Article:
Want to Spend Time Together? Try Working on Your Budget.
Did it ever occur to you that preparing a family budget together might be one good way for a wife and husband to spend some quality time alone with each other? Not if you’re like me. But financial writer Tim Maurer got me thinking about it with a Jan. 12 column titled “10 Ways Budgeting Saved My Marriage.”
Budgeting their money forces Maurer and his wife, parents of two young children, “to collaborate,” he explained in the column, published by Forbes.com, a service of the noted business and financial magazine.
Maurer suggested that while it may seem strange, working together on a budget helps to counteract a certain risk at his home. How so?
Given the level of their multiple commitments not only to work, but to school, sports activities, the church, etc., it seems he and his wife found themselves left to function “more as independent business partners than spouses.” And they tended to find themselves “in short supply” when it came both to “adult conversation and genuine collaboration.”
Fortunately, then, working on their budget provides a context for the couple not only to converse as adults, but truly to work together, he said.
Maurer is a financial planner, educator and author. In these career roles, he considers it his vocation to help the people he serves connect who they are with what they do. His philosophy of money holds “that personal finance is more personal than it is finance and that money has no value other than that which we give it.”
Time Together Builds Intimacy
Maurer is not alone in pointing out that preparing a household budget represents a chance for a couple to spend time together. A book reviewed last August for this website made a similar point. In “Stress-Proof Your Marriage” (Our Sunday Visitor), Cory and Heidi Busse wrote:
“Budgeting is making the choice to take your marriage’s head out of the financial sand. Budgeting is about acknowledging where the money goes and making changes (if need be). Budgeting is about working together.”
It is of no small importance that couples find ways to spend time with each other. That point was clear in the new “State of Our Unions” report,” titled “And Baby Makes Three,” which I discussed on this website last week.
The annual report, released Dec. 8 by the National Marriage Project at the University of Virginia and the Center for Marriage and Families, based in New York, examined 10 factors in “contemporary social life and relationships” that “appear to boost women’s and men’s odds of successfully combining marriage and parenthood.” Quality family time was among those factors.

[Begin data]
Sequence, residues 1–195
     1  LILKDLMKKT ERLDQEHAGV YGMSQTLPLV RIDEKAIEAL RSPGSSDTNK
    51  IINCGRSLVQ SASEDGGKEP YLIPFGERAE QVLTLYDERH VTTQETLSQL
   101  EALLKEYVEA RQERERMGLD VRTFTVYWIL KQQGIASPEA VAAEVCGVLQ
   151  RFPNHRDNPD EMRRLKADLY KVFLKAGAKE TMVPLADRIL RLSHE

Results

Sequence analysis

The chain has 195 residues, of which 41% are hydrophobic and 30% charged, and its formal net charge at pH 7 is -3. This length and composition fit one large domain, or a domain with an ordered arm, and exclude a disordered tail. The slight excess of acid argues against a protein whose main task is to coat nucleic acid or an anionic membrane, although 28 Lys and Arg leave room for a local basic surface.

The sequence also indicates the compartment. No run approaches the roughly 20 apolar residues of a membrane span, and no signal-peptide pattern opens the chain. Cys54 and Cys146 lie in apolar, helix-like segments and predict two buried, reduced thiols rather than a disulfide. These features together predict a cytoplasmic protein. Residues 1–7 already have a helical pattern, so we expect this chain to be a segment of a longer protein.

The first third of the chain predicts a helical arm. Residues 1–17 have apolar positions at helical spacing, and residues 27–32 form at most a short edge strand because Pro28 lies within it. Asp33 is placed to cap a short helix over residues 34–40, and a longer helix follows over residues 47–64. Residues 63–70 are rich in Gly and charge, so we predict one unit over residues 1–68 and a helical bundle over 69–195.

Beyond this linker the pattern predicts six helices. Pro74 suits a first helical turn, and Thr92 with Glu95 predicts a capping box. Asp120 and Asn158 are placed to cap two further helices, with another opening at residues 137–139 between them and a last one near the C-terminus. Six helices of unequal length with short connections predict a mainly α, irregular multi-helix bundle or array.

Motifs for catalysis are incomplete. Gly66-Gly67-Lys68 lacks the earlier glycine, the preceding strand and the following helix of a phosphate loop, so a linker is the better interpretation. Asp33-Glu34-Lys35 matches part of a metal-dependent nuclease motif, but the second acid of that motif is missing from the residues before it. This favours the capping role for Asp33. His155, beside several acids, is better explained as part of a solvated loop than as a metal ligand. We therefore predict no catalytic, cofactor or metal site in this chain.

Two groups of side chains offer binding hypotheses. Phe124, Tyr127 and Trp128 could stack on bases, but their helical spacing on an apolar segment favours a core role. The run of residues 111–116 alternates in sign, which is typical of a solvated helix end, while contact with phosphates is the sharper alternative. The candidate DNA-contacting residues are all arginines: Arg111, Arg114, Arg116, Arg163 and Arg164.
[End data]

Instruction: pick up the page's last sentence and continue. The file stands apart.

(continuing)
“Intimacy is more likely to emerge and be sustained when couples have time for one another, especially after they transition into parenthood,” the report said. It stressed that both “time spent alone with one’s spouse and time spent with one’s children” serve to “predict higher levels of marital solidarity.”
When a wife and husband “spend time alone together, talking or sharing an activity,” they are “significantly more likely to be happy in their marriages and less likely to be vulnerable to separation or divorce,” according to “The State of Our Unions.”
Budgeting for Evenings Out
One of Maurer’s insights was that the time busy married parents set aside for budgeting can represent authentic, adult couple time. But like so many couples, he and his wife also wanted to spend time together in other enjoyable ways.
Of course, some of these enjoyable ways of spending time together cost money. I found it noteworthy, therefore, that their budget set aside money precisely for a bit of time away from home – a date night, for example.
Maurer recalled asking a client, an older husband and father, “what his secret to marriage and parenting was.” The happily married client responded that he and his wife always set time and money aside for themselves “as a couple.”
The client made the case that a wife and husband become “better parents” when they set time aside to be together alone – time for a date night, a weekend away, even a week’s vacation.
Like many couples, however, by the end of most months the Maurers already had spent their discretionary money “on the rest of life.” So they worked a solution to that predicament into their budget.
The Maurers realized the budgeting process had a way of highlighting their dependence on each other and its value.
They also realized their budget needed to assure some measure of spending independence for each of them. Thus, they developed the “His” and “Hers” sections of their budget.
Finally, however, to secure time for themselves as a couple, the Maurers budgeted a sum called “Ours.” This budget element helps to protect them from feeling they are taking money away from something else important when they arrange for a baby-sitter and go out for an evening.
In no way is budgeting romantic, Maurer concluded. But he said budgeting can help to “promote and preserve” a couple’s romance.